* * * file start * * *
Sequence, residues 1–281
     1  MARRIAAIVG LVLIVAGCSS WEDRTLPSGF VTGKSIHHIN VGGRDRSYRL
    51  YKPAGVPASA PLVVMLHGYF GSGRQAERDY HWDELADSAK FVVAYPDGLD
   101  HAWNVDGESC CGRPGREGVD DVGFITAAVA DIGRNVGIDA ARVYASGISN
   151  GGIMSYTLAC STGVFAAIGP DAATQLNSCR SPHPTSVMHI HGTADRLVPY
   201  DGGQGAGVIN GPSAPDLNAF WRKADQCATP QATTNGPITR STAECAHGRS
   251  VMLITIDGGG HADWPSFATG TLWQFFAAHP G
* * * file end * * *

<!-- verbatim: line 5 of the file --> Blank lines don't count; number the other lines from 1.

   151  GGIMSYTLAC STGVFAAIGP DAATQLNSCR SPHPTSVMHI HGTADRLVPY